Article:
From the standpoint of pure research, one of the arguments for not going to nearby stars is that by the time we develop the needed technologies, we’ll have no need to make the journey. After all, we’ll soon be able to learn vast amounts about nearby worlds from space-based telescopes, not to mention planned Earth-side instruments like the European Extremely Large Telescope, a 42-meter powerhouse 100 more sensitive than the best of today’s optical telescopes. Putting observatories on the far side of the Moon is another way we’ll see deeper than ever before.
Extend space research out fifty years, a hundred, and you have to reckon with capabilities we can only dream about today. Webster Cash (University of Colorado) has been championing one Sun-shade design (there are others) that in its fullest deployment could give us views of an exoplanet as if we were no more than a hundred kilometers away. Or consider the fusion of new propulsion technologies with space-based observatories that can tap the Sun’s gravitational focus. This would open up the galaxy for the detailed exploration of countless planetary systems, with the potential for exoplanet finds as far away as Andromeda.
An Earth-based Perspective
All this is given relevance (and perspective) by the upcoming launch of Kepler, which will look for transiting planets down to terrestrial size. And as I was pondering these issues, there came the news of not one but two ground-based detections of exoplanet atmospheres. Six hundred images of the hot Jupiter OGLE-TR-56b, from the ESO’s Very Large Telescope and Carnegie’s Magellan-Baade instrument in Chile, produced the first result. This one is quite a catch, the planet being some 5,000 light years away in the direction of galactic center. Listen to Mercedes López-Morales (Carnegie Institution) on last summer’s work:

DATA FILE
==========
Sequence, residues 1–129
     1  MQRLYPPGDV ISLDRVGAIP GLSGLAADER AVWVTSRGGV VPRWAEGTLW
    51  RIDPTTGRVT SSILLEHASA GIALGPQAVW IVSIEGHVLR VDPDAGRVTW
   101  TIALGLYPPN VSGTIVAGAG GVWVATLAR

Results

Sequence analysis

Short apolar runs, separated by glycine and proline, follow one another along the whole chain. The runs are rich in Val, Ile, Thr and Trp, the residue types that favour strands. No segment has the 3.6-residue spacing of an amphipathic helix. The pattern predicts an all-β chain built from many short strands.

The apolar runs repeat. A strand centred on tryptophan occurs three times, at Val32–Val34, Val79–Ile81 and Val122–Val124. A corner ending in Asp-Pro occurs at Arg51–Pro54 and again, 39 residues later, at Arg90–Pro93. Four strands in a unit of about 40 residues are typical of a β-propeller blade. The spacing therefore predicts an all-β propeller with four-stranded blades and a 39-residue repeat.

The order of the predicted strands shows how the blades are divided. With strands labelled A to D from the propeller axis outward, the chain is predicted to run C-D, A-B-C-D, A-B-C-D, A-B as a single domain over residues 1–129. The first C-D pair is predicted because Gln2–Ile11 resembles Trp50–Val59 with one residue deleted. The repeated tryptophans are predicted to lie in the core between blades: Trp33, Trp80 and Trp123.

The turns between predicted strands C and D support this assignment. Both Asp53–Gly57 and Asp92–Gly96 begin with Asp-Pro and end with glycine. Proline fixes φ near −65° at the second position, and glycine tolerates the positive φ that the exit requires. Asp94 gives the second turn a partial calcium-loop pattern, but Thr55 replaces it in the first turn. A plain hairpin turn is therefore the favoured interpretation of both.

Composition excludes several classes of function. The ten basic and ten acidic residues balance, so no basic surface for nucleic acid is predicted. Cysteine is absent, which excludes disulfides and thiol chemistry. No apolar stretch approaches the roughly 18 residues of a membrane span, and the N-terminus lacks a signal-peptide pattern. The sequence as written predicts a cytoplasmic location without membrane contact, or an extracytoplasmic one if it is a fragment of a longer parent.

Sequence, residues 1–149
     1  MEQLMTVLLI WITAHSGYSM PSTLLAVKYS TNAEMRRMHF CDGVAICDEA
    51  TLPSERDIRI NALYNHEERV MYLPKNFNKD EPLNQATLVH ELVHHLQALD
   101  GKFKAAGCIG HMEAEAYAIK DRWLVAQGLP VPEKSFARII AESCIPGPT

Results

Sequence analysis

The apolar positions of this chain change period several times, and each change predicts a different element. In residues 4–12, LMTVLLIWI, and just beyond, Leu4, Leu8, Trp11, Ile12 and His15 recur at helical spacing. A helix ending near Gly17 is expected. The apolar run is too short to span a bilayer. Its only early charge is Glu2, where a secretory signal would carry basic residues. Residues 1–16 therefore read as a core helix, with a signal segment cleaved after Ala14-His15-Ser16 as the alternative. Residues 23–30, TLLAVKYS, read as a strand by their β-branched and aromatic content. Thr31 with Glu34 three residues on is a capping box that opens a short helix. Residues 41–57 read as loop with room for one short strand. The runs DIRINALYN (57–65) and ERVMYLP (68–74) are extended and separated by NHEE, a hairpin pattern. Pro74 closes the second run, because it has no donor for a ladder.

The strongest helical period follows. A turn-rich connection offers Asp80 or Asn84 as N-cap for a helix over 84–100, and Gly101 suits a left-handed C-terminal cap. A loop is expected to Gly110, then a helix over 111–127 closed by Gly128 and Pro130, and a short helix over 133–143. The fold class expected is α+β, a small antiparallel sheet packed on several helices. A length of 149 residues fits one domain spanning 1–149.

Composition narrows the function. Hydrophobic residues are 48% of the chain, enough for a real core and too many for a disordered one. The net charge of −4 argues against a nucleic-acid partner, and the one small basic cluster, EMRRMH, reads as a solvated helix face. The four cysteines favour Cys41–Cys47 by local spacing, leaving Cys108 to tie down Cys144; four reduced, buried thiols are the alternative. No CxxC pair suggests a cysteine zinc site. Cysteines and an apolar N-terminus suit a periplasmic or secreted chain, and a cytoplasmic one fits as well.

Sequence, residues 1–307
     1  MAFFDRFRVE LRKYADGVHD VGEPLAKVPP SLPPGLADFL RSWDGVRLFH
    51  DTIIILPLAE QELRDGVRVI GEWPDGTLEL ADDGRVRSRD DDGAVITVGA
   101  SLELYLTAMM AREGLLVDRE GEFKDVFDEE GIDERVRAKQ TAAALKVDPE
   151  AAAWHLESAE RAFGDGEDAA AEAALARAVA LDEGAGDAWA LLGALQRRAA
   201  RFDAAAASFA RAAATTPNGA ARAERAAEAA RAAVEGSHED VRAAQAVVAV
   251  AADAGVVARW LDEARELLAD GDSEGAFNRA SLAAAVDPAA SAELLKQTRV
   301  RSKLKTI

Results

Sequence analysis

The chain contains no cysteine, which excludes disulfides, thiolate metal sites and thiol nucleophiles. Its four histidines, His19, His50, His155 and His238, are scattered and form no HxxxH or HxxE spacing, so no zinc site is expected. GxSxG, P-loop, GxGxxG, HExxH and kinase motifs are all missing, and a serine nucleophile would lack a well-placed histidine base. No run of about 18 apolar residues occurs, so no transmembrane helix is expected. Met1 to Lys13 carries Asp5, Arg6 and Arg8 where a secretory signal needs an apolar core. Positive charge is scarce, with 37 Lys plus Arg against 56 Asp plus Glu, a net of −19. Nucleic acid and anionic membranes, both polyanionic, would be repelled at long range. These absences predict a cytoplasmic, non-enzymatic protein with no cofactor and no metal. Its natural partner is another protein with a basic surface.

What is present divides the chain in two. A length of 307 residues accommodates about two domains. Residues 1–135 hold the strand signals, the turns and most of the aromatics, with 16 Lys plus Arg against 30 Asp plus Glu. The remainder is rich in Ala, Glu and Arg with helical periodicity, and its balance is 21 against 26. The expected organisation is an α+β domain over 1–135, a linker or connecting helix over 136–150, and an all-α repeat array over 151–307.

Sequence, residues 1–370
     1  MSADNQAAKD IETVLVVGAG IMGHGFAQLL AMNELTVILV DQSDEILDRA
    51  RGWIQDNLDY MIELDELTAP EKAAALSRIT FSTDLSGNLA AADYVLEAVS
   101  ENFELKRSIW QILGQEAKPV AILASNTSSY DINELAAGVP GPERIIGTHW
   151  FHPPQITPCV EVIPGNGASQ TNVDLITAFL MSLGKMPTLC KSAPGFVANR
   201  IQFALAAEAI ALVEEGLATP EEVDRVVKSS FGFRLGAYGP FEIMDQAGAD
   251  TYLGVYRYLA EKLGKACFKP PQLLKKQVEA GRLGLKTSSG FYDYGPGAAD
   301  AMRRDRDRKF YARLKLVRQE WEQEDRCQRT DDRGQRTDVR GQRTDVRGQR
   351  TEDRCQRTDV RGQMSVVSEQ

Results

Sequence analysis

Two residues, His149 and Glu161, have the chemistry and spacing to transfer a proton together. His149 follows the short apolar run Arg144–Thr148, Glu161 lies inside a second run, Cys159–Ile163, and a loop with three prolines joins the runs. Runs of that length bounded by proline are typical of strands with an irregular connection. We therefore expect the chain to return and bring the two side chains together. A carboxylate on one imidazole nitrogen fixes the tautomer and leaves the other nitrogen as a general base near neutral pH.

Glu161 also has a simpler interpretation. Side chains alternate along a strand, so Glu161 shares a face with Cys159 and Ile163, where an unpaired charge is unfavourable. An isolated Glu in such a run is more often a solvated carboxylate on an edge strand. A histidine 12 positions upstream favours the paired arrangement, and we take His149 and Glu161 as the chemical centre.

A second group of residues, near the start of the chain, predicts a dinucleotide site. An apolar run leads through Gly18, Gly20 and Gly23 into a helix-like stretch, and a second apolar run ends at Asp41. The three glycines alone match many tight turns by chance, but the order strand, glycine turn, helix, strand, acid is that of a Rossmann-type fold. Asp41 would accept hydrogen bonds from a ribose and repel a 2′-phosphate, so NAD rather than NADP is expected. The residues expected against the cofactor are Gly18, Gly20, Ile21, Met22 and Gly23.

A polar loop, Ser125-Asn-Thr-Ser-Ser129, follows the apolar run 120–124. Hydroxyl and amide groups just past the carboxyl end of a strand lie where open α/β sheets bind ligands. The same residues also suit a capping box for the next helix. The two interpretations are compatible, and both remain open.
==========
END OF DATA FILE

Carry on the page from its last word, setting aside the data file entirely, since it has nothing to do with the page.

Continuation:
“Others have tried to detect planetary atmospheres from Earth, but to no avail… The successful recipe is a planet that emits a lot of heat and has little to no wind in its atmosphere. Plus it has to be a clear, calm night on Earth to measure accurately the differences in thermal emissions when the planet is eclipsed as it goes behind the star. Only about one of every 3,000 photons from the star comes from the planet. This eclipse allows us to separate the emissions of the planet from those of the star. The magic moments came on July 2nd…”
In the same issue of Astronomy & Astrophysics comes news of the measurement of thermal emissions in the near-infrared from TrES-3b, another hot Jupiter studied from the ground. This work is out of the University of Leiden in the Netherlands, again relying on accurate information about the planetary transit that allows the strength of the planet’s light to be measured. The instruments involved were the William Herschel Telescope (WHT) on La Palma (Canary Islands, Spain) and the United Kingdom Infrared Telescope (UKIRT) on Mauna Kea in Hawaii.
Given this early work on exoplanetary atmospheres from Earth, where will we be in fifty years? And if, let’s say in a century, we find ourselves with the capability of studying distant planetary systems in exquisite detail, will we still have the motivation to build ships to make the journey to them? From a planetary security perspective, we can theoretically safeguard our species by expanding out in our own system with space-based habitats and possibly terraforming as options. The question then remains: What is it that drives the push to interstellar flight?
Philosophy and Realism
Many answers suggest themselves, and I’m not inclined to wax philosophical here. I think a realistic answer is that as we expand into the Solar System and build the infrastructure to support human populations in space, we will inevitably develop the tools that make further explorations possible, including propulsion technologies to get us to the Oort Cloud and beyond. Human history tells me that there is always a portion of the population that is willing to get on a cramped ship and go to the other side of nowhere for reasons that vary from the pure exploratory impulse to the need to escape political or religious persecution.
And my guess is that at some point interstellar flight will begin in much the same way. Protecting the species by spreading into the cosmos is a laudable goal, but it couples neatly with this exploratory imperative that has shown up in the behavior of our ancestors and shows no signs of abating now. Indeed, a universal exploratory urge is part of the puzzle noted by Fermi’s paradox — ‘Where are they’ indeed, for we would expect anyone with the capability of making an interstellar journey to set about the task. That’s because we know deep down that that is exactly what we would do — will do — assuming we survive our technological coming of age and can develop the engines to make it happen.